The folks at Vornado Realty Trust, which is developing Robert A.M. Stern Architects’ 220 Central Park South, remain tight-lipped about what awaits the building in 2019, but here’s what we know: Closings at the nearly 1,000-foot tower began in October, and there’s a chance that two of its multi-million dollar apartments will break the record in 2019 for NYC’s priciest sold property, currently held by a $100.5 million condo at One57. The building is reportedly home to a $250 million triplex, along with an 11,000-square-foot quadplex asking above $100 million.
Kohn Pedersen Fox’s One Vanderbilt will top out at 1,401 feet in December 2019, ending two years of creep on the New York skyline. Construction is ahead of schedule and—gasp—under budget at the Midtown East office tower, meaning the building’s opening has been pushed forward to early August 2020. Expect to see the building’s terra cotta curtain wall, paying homage to the materials used in the neighboring Grand Central Terminal, wrap around the building’s office floors by year’s end.
Brooklyn’s second tallest tower-to-be behind 9 DeKalb, 11 Hoyt, is quickly on the rise after its April reveal. The 660-foot residential tower designed by Studio Gang and adjacent to Macy’s Downtown Brooklyn will top out in the spring, with work on the cast concrete facade wrapping up before the end of the year. Occupancy in the 481 studio- to four-bedroom condos is expected to begin in 2020.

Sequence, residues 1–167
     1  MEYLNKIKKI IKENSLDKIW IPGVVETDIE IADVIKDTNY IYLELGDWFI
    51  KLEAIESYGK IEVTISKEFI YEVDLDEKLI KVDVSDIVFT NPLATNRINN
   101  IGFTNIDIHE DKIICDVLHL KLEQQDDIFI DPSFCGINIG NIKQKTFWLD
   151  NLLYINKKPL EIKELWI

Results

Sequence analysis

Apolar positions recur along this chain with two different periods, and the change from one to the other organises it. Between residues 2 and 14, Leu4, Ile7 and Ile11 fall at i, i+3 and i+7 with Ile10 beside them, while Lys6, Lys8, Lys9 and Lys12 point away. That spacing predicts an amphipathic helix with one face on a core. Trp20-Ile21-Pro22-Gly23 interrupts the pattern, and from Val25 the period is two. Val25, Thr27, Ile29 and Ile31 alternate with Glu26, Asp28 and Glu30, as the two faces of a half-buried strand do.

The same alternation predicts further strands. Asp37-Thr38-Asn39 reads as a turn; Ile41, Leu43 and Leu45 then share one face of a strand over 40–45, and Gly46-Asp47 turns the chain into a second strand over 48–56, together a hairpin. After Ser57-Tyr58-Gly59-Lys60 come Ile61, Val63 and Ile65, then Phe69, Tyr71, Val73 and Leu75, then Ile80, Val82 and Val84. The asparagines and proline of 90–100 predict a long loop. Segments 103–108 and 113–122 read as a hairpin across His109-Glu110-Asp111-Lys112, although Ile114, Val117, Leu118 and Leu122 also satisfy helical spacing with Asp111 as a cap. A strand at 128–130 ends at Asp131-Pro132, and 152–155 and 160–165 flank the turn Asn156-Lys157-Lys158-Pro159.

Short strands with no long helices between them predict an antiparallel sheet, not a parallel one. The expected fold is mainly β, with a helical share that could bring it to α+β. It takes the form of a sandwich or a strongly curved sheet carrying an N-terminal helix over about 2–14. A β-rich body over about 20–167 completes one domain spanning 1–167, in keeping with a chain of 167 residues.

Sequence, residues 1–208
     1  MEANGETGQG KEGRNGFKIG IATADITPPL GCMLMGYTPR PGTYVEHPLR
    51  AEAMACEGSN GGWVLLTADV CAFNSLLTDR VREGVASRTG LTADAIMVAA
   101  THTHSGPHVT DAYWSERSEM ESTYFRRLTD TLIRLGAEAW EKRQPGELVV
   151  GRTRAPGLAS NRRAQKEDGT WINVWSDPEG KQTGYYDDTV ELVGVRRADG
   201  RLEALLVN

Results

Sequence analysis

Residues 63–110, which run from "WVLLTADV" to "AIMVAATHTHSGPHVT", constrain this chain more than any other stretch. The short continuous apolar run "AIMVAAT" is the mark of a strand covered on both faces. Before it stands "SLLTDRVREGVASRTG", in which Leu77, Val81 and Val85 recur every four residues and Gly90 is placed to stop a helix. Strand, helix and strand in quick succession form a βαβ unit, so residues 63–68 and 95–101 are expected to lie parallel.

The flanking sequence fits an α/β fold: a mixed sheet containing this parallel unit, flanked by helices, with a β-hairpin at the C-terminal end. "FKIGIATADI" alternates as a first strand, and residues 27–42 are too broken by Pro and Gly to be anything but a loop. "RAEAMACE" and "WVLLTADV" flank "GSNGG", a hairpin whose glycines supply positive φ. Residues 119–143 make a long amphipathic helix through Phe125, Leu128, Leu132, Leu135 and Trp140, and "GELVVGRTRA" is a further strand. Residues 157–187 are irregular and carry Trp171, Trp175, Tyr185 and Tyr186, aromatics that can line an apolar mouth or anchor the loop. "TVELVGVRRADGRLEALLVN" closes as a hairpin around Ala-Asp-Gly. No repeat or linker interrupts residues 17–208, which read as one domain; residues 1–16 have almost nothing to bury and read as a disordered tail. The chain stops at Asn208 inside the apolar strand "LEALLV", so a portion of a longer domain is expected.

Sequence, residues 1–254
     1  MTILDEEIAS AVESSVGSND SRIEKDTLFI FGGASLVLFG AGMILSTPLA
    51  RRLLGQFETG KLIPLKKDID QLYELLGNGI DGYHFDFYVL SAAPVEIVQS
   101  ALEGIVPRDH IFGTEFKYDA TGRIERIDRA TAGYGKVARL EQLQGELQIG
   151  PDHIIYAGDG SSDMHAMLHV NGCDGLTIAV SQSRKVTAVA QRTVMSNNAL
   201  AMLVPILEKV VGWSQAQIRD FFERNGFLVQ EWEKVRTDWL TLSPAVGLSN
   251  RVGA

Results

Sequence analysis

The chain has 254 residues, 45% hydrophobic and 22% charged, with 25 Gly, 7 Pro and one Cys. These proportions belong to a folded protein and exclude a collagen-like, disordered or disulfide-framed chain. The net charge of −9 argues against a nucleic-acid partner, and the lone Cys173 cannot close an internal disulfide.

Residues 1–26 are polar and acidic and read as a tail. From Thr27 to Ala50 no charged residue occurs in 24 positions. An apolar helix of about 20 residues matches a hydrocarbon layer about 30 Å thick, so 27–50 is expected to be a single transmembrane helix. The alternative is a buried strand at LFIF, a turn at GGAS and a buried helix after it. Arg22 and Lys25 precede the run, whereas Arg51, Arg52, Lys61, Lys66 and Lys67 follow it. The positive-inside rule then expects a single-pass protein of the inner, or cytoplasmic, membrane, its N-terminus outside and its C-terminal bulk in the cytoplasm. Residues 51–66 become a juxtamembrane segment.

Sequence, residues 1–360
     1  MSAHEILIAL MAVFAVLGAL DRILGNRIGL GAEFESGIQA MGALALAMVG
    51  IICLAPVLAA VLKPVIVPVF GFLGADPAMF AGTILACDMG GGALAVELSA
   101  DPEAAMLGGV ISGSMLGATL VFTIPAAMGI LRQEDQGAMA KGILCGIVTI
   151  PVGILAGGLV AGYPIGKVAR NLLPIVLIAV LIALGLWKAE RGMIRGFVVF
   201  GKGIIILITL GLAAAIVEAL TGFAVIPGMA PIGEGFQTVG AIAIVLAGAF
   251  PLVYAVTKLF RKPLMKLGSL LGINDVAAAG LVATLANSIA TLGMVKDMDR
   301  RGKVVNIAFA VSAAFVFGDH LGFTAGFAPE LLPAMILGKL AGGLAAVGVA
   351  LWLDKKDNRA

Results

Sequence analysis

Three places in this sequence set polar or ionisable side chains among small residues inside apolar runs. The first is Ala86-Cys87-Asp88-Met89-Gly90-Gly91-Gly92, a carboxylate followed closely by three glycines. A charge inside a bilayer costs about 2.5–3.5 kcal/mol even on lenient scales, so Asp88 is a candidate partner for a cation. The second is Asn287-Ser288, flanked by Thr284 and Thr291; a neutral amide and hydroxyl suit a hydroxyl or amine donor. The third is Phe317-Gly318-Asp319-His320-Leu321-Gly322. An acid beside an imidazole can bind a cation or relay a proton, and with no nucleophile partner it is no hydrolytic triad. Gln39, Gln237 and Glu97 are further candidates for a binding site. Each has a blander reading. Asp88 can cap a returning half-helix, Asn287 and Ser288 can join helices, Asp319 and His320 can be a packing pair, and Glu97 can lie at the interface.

Pier 55, designed by Thomas Heatherwick and financed by billionaire mogul Barry Diller, finally began taking shape in the Hudson River in a real way in 2018. Late in the year, the installation of the park’s 132 undulating concrete pots got underway. That installation will continue through 2019, and wrap up in March 2020 with city officials eyeing a spring 2021 opening date.
No new piers or parkland will be unveiled at the yet-evolving Brooklyn Bridge Park in 2019, but 2020 will bring the debut of Pier 2 uplands. The 3.4-acre lawn and children’s water garden is one of the last pieces of the BBP jigsaw. The uplands will be in construction throughout this year. This year will also bring the removal of the problem-plagued Squibb Bridge, with plans for a new span connecting Brooklyn Heights to the park to be announced sometime in the next 12 months.
This year will also bring a new Ample Hills outpost to Fulton Ferry Landing at Brooklyn Bridge Park, as well as a new outdoor cafe. And of course expect some new stellar art in the park: Siah Armajani’s Bridge Over Tree will debut in February in time with artist’s first US retrospective at the Met Bruer. The installation consists of a 26-metre-long covered walkway built over a small tree, and will be in place through June.
New York’s new, largest state park is expected to welcome visitors come the summer. Phase one of Shirley Chisholm Park will offer up 10 miles of trails that can be used for hiking and biking, waterfront access for kayaking, and pop-up educational space. The park will also offer a pier that includes picnic areas, concession stands, restrooms, and a park office.
Public meetings for the design of phase two will begin in the fall of 2019 and according to community input received thus far, could include an amphitheater, an environmental education center, and a cable ferry.
About The Author
- Robert Louis Annenberg Is a 40 year seasoned property owner, manager, investor, builder/developer and business man who is also an author of five published books to date (Amazon.com) and the chief editor of LifeQuestJournal.com. He can be reached at: Info@RobertAnnenberg.com and (201) 289-2500.